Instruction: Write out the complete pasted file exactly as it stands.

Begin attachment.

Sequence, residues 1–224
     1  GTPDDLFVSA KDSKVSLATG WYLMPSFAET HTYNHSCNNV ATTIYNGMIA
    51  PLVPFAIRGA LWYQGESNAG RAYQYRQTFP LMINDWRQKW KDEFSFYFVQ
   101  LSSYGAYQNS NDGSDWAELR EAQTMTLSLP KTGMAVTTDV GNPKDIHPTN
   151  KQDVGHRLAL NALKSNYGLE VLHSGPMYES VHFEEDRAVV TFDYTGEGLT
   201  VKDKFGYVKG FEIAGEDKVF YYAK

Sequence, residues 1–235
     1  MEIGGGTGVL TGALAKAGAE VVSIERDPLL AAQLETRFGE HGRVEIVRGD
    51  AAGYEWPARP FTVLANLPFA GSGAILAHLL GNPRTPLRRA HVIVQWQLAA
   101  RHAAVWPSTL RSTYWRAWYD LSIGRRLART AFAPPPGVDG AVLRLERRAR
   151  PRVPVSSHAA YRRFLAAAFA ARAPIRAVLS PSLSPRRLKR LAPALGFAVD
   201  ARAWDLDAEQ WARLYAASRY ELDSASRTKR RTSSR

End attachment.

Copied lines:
Sequence, residues 1–224
     1  GTPDDLFVSA KDSKVSLATG WYLMPSFAET HTYNHSCNNV ATTIYNGMIA
    51  PLVPFAIRGA LWYQGESNAG RAYQYRQTFP LMINDWRQKW KDEFSFYFVQ
   101  LSSYGAYQNS NDGSDWAELR EAQTMTLSLP KTGMAVTTDV GNPKDIHPTN
   151  KQDVGHRLAL NALKSNYGLE VLHSGPMYES VHFEEDRAVV TFDYTGEGLT
   201  VKDKFGYVKG FEIAGEDKVF YYAK

Sequence, residues 1–235
     1  MEIGGGTGVL TGALAKAGAE VVSIERDPLL AAQLETRFGE HGRVEIVRGD
    51  AAGYEWPARP FTVLANLPFA GSGAILAHLL GNPRTPLRRA HVIVQWQLAA
   101  RHAAVWPSTL RSTYWRAWYD LSIGRRLART AFAPPPGVDG AVLRLERRAR
   151  PRVPVSSHAA YRRFLAAAFA ARAPIRAVLS PSLSPRRLKR LAPALGFAVD
   201  ARAWDLDAEQ WARLYAASRY ELDSASRTKR RTSSR